- "Object" (Objekt), which can be real (like notes in a melody) or ideal (like the concepts of difference, identity, etc.)
- "Objective" (Objectiv), e.g. the affirmation of the being (Sein) or non-being (Nichtsein), of a being-such (Sosein), or a being-with (Mitsein) - parallel to existential, categorical and hypothetical judgements
- "Dignitative", e.g. the true, the good, the beautiful
- "Desiderative", e.g. duties, ends, etc.
To these four classes of objects correspond four classes of psychological acts:
- (re)presentation (das Vorstellen), for objects
- thought (das Denken), for the objectives
- feeling (das Fühlen), for dignitatives
- desire (das Begehren), for the desideratives.
- Meinong, A. (1885). Über philosophische Wissenschaft und ihre Propädeutik
- Meinong, A. (1894). Psychologisch-ethische Untersuchungen zur Werttheorie
- Meinong, A., ed. (1904). Untersuchung zur Gegenstandstheorie und Psychologie
- Meinong, A. (1910). Über Annahmen, 2nd ed.
- Meinong, A. (1915). Über Möglichkeit und Wahrscheinlichkeit
- Meinong, A. (1917). Über emotionale Präsentation
- Meinong, A. (1877). "Hume Studien I. Zur Geschichte und Kritik des modernen Nominalismus" in Sitzungsbereiche der phil.-hist. Classe der kais. Akademie der Wissenschaften, 78:185-260.
- Meinong, A. (1882). "Hume Studien II. Zur Relationstheorie" in Sitzungsbereiche der phil.-hist. Classe der kais. Akademie der Wissenschaften, 101:573–752.
- Meinong, A. (1891). "Zur psychologie der Komplexionen und Relationen" in Zeitschrift für Psychologie und Physiologie der Sinnesorgane, II:245–265.
- Meinong, A. (1899). "Über Gegenstände höherer Ordnung und deren Verhältniss zur inneren Wahrnehmung" in Zeitschrift für Psychologie und Physiologie der Sinnesorgane, 21, pp. 187-272.
Books together with other authors
- Höfler, A. and Meinong, A. (1890). Philosophische Propädeutik. Erster Theil: Logik. F. Tempsky / G. Freytag, Vienna.
Posthumously edited works
- Haller, R., Kindinger, R., and Chisholm, R., editors, (1968-78.) Gesamtausgabe, 7 vols., Akademische Druck- und Verlagsgesellschaft, Graz.
- Meinong, A. (1965). Philosophenbriefe, ed. Kindinger, R., Akademische Druck- und Verlagsanstalt, Graz.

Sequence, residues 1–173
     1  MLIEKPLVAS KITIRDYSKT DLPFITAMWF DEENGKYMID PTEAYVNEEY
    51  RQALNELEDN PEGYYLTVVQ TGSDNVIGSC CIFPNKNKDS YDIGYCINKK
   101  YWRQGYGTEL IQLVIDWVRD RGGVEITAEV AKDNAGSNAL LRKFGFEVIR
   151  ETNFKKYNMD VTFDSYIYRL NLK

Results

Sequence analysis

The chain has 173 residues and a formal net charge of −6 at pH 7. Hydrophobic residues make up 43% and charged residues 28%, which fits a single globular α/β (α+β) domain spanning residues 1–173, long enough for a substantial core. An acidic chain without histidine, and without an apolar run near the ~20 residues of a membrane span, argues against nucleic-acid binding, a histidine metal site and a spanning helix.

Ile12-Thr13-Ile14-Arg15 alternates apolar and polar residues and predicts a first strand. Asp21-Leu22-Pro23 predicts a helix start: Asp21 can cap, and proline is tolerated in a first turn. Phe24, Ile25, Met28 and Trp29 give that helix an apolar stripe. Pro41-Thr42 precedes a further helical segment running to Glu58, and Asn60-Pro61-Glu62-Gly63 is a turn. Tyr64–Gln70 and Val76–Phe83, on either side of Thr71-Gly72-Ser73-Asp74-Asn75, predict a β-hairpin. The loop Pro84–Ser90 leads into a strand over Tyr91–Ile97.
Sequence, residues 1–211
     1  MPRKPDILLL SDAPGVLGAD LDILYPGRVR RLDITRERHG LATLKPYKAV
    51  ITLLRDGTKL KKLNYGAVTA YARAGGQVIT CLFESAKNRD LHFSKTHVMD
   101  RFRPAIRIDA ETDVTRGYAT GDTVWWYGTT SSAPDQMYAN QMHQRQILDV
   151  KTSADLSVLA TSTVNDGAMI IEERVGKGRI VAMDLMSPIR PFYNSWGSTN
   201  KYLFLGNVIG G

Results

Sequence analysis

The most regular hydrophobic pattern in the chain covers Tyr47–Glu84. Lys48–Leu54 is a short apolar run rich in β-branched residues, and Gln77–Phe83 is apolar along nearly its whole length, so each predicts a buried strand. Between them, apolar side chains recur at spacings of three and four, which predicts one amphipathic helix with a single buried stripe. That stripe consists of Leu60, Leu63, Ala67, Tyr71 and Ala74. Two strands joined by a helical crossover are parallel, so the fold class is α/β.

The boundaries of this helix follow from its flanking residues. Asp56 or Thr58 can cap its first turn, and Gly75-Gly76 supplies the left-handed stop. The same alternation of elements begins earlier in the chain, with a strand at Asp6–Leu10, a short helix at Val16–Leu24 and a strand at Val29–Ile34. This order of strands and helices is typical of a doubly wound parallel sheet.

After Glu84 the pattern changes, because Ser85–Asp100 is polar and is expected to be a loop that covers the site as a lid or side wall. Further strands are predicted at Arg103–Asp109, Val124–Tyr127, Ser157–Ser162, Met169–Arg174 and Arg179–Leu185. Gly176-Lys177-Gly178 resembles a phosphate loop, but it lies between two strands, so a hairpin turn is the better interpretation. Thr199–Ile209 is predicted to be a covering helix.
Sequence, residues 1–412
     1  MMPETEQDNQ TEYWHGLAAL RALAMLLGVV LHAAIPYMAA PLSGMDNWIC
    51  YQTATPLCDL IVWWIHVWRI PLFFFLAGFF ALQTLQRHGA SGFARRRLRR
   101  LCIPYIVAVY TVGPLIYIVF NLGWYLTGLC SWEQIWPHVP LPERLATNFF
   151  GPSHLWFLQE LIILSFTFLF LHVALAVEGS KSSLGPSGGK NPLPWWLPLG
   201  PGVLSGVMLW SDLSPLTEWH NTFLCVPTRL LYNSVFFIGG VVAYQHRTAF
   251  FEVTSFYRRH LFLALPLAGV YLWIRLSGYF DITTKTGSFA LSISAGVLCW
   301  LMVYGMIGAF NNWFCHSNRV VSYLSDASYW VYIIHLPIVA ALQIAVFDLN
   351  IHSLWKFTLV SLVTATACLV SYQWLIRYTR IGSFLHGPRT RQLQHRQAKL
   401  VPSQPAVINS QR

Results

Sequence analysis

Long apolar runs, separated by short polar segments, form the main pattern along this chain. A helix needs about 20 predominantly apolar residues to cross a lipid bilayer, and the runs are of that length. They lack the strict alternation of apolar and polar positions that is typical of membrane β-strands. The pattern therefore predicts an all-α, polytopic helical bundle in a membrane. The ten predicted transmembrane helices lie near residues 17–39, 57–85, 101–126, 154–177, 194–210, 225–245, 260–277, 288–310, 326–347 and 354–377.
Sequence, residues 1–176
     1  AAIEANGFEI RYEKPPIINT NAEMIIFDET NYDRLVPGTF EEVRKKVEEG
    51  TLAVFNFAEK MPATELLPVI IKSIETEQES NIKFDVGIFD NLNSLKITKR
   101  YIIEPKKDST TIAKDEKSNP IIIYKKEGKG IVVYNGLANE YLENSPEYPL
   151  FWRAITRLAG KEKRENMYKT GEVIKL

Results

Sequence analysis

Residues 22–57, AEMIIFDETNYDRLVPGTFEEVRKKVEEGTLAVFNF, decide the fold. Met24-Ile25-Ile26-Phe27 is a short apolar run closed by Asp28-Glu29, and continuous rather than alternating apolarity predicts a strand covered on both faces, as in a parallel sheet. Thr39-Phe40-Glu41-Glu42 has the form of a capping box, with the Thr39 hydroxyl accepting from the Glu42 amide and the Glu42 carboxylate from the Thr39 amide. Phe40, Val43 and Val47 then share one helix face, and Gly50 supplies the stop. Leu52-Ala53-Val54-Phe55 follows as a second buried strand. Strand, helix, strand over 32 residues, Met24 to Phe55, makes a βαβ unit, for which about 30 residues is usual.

- Albertazzi, L., Jacquette, D., and Poli, R., editors (2001). The School of Alexius Meinong. Ashgate, Aldershot. ISBN 1-84014-374-6
- Chisholm, R. (1982). Brentano and Meinong Studies. Rodopi, Amsterdam.
- Dölling, E. (1999). Wahrheit Suchen und Wahrheit Bekennen. Alexius Meinong: Skizze seines Lebens. Rodopi, Amsterdam - Atlanta. ISBN 90-420-0774-5
- Findlay, J. N. (1963). Meinong's Theory of Objects and Values, 2nd ed. Oxford, Clarendon Press.
- Grossman, R. (1974). Meinong. Routledge & Kegan Paul, London - Boston. ISBN 0-7100-7831-5
- Haller, R., editor (1972). Jenseits von Sein und Nichtsein. Akademische Druck- und Verlagsanstalt, Graz.
- Lindenfeld, D. F. (1980). The Transformation of Positivism: Alexius Meinong and European Thought, 1880-1920. University of California Press, Berkeley/Los Angeles/London. ISBN 0-520-03994-7
- Rollinger, R. D. (1993). Meinong and Husserl on Abstraction and Universals. Number XX in Studien zur Österreichischen Philosophie. Rodopi, Amsterdam – Atlanta. ISBN 90-5183-573-6
- Rollinger, Robin D. (2008): Austrian Phenomenology: Brentano, Husserl, Meinong, and Others on Mind and Object. Ontos, Frankfurt am Main. ISBN: 978-3-86838-005-7
- Routley, R. (1982). Exploring Meinong's Jungle and Beyond. Ridgeview Pub Co. ISBN 978-0685056363. (Also published as Routley, R. (1979) by the Research School of Social Sciences, Australian National University, Canberra.)
- Schubert Kalsi, Marie-Luise (1978). Alexius Meinong: On Objects of Higher Order and Husserl's Phenomenology. Martinus Nijhoff, The Hague, Netherlands. ISBN 90-247-2033-8
- Chrudzimski, A. (2005). "Abstraktion und Relationen beim jungen Meinong". In [Schramm, 2005], pages 7–62.
- Dölling, E. (2005). "Eine semiotische Sicht auf Meinongs Annahmenlehre". In [Schramm, 2005], pages 129–158.
- Kenneth, B. (1970). "Meinong’s Hume Studies. Part I: Meinong’s Nominalism". in Philosophy and Phenomenological Research, 30:550–567.
- Kenneth, B. (1971). "Meinong’s Hume Studies. Part II: Meinong’s Analysis of Relations". in PPR, 31:564–584.
- Rollinger, R. D. (2005). "Meinong and Brentano". In [Schramm, 2005], pages 159–197.
- Schermann, H. (1972). "Husserls II. Logische Untersuchung und Meinongs Hume-Studien I. In [Haller, 1972], pages 103–116.
- Schramm, A., editor (2005). Meinong Studies - Meinong Studien, Vol. I, Ontos Verlag. (yearly periodical)